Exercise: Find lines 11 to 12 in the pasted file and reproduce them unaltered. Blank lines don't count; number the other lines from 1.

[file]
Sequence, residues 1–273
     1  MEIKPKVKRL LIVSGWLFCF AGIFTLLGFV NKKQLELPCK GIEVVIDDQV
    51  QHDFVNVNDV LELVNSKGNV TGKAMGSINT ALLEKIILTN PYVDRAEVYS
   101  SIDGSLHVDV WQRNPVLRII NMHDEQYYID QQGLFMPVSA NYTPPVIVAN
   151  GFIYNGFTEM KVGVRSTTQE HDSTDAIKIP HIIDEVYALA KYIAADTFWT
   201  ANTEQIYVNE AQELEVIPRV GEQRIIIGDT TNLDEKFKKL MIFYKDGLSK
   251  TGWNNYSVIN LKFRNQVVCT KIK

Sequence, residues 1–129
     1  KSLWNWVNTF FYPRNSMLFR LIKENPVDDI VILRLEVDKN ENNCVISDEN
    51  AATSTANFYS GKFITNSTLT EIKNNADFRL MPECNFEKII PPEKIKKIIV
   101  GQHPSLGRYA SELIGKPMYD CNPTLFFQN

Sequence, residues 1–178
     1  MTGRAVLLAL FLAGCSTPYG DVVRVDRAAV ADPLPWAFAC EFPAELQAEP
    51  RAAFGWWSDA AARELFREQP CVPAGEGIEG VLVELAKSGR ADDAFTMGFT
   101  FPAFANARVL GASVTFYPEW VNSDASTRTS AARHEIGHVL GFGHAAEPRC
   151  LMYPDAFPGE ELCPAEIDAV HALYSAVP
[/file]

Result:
   101  GQHPSLGRYA SELIGKPMYD CNPTLFFQN

Sequence, residues 1–178